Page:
Netflix (NASDAQ:NFLX) reports first-quarter earnings on Wednesday. Following an upbeat week for Netflix -- with shares jumping about 4% on Wednesday after the company said its members watched an unprecedented 10 billion hours last quarter and the stock wrapping up the week with a total gain around 9% -- the high-profile growth company's results will undoubtedly be closely watched. Here are three meaty business items to mull over to get a quick pulse check on the company.
While Netflix's U.S. streaming business is a profitable operation, the company's international segment is still running at a loss -- a big loss. In Netflix's fourth quarter of 2014, for instance, its international segment had a $79 million operating loss (revenues less cost of revenues and marketing expenses). This unprofitable segment has been an enormous drag on the company's business, playing a key role in a four-year streak of negative free cash flow for Netflix.
But Netflix's Q1 forecast for its international segment suggests that its aggressive spending in these newer markets, aimed at growing its reach and achieving greater scale, may be beginning to pay off. Expecting a record $425 million in international streaming revenue, up from $388 million in Q4, Netflix forecasts its operating loss to improve to $62 million. Could Netflix be getting to the point where its international operating loss will trend downward instead of upward, even as revenue expands?
While management readily admits that it will likely take several years for its international segment to reach profitability, this doesn't mean investors should dismiss the segment until it's in the black. When Netflix reports first-quarter results, look for positive comments from management, along with some figures to back them up, regarding the trajectory of Netflix's international segment's path toward profitability.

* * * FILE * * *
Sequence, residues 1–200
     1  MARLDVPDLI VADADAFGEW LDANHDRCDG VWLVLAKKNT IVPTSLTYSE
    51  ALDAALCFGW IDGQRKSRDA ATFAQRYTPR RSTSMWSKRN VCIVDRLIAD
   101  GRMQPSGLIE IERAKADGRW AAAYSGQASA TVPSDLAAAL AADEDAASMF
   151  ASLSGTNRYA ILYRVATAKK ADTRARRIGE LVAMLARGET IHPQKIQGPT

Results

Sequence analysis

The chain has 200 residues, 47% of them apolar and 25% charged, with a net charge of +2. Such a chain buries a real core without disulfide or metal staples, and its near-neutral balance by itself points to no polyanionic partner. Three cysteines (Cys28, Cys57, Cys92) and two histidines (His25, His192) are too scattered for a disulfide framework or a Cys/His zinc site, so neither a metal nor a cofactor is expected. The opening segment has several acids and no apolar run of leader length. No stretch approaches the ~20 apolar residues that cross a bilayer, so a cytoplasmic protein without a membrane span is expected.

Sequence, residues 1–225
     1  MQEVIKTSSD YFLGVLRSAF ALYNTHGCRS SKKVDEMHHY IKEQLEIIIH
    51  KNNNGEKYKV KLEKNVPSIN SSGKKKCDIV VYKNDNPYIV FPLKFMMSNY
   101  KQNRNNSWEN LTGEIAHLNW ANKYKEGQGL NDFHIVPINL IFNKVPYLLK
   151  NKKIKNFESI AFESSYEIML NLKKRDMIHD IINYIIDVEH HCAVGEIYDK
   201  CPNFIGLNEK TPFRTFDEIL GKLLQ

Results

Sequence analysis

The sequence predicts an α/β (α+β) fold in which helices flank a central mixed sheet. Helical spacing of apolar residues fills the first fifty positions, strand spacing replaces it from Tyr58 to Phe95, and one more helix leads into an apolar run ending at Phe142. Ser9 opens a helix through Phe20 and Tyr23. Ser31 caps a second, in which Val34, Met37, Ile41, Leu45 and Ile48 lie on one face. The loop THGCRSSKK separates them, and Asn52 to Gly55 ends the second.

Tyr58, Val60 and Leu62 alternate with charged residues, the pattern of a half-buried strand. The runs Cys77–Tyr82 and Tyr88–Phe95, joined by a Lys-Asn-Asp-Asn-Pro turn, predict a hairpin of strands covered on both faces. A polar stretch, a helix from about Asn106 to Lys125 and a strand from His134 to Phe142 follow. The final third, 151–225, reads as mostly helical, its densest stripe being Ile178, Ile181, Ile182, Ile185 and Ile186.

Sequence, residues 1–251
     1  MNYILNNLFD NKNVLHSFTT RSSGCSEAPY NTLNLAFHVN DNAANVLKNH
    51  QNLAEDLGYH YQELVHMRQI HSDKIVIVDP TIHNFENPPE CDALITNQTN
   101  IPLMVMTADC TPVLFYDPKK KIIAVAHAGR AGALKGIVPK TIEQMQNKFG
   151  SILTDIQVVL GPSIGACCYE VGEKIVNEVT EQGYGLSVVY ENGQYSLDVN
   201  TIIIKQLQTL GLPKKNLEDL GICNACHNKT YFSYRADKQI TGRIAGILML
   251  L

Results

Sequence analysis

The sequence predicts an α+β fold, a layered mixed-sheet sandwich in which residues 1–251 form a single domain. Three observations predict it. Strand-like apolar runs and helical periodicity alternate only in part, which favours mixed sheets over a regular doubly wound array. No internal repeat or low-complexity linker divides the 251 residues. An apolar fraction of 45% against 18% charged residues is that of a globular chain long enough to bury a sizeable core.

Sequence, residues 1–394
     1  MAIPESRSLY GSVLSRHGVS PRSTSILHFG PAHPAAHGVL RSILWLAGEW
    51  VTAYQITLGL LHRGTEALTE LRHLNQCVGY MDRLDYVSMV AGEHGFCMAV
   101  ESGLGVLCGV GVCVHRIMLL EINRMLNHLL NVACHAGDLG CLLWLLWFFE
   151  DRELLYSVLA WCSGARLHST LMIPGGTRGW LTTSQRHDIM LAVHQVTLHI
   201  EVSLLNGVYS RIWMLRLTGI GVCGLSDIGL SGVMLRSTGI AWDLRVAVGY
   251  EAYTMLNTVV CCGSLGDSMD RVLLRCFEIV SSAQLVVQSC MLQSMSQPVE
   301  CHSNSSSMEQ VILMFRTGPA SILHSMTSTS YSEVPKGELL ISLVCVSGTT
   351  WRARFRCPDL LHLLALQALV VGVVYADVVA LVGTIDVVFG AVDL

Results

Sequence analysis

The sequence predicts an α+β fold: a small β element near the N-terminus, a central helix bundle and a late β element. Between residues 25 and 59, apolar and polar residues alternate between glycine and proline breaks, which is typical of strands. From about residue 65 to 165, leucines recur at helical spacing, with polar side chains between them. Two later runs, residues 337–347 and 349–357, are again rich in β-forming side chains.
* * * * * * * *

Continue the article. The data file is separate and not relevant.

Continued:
As Netflix reaches saturation in the U.S., it's getting difficult for the company to sustain its impressive member growth. The company expects a total of 4.05 million net member additions in Q1 (1.8 million additions in the U.S. and 2.25 million additions internationally), down from 4.33 million net additions in Q4.
For perspective, quarterly net additions have ranged between 1.69 million and 4.33 million during the last five quarters. Further, in 2014, Netflix added a record 13 million members, up from its 11.1 million member additions in 2013. By Q1, Netflix expects to have 61.4 million global members.
It's worth checking in on Netflix's ability to grow its members each quarter, but be sure to view a given quarter's growth within the bigger-picture context of the company's member growth across the last few quarters -- or even years. Volatility in Netflix' membership growth has occurred in the past and it's bound to happen in the future.
One of the most important storylines for Netflix investors to follow is the company's growing amount of original content, where it's making substantial investments.
In recent months, it's become particularly clear how seriously Netflix is taking its original content. Since the beginning of February, Netflix has launched a total of 14 original series, kids' shows, stand-up comedy specials, and one-hour specials. Consider some of these new, high-profile Netflix Original series launched since February: the third season of "House of Cards," "Unbreakable Kimmy Schmidt," "Bloodline," and "Marvel's Daredevil."
Not only has Netflix's original content proved to be successful when measured by audience, awards, and the cast Netflix is able to attract, but it's also working out economically, despite the huge up-front costs required to produce this content.
"[L]ast year our original content overall was some of our most efficient content," Netflix said in its fourth-quarter letter to shareholders. "Our originals cost us less money, relative to our viewing metrics, than most of our licensed content, much of which is well known and created by the top studios."
As Netflix continues to ramp up its original content, look for continued optimism from management about its economics.
For more on what to expect when Netflix reports earnings on Wednesday, including a look at analyst expectations for revenue and EPS, check out this earnings preview.
Daniel Sparks has no position in any stocks mentioned. The Motley Fool recommends Netflix. The Motley Fool owns shares of Netflix. Try any of our Foolish newsletter services free for 30 days. We Fools may not all hold the same opinions, but we all believe that considering a diverse range of insights makes us better investors. The Motley Fool has a disclosure policy.